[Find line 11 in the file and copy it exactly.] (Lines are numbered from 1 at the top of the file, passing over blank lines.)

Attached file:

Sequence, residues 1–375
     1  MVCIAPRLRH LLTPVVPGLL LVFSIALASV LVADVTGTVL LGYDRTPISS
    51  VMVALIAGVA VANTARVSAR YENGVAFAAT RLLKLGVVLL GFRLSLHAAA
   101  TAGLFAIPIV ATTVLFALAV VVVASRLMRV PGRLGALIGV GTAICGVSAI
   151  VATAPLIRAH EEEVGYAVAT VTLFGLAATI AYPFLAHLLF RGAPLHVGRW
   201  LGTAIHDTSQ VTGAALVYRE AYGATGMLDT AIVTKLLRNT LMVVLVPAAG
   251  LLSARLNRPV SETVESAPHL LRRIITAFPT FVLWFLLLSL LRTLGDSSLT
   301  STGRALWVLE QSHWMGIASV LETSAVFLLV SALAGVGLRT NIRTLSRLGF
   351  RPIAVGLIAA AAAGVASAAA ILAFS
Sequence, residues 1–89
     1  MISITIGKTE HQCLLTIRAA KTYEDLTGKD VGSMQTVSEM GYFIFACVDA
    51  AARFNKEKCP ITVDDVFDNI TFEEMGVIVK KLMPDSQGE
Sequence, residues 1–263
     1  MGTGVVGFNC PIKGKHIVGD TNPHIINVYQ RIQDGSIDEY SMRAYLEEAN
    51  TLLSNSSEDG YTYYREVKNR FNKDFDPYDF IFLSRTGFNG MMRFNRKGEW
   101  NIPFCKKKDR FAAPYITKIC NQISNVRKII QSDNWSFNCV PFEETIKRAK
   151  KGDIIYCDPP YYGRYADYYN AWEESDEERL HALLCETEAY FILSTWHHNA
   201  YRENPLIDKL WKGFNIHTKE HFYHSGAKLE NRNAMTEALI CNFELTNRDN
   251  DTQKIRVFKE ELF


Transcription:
     1  MISITIGKTE HQCLLTIRAA KTYEDLTGKD VGSMQTVSEM GYFIFACVDA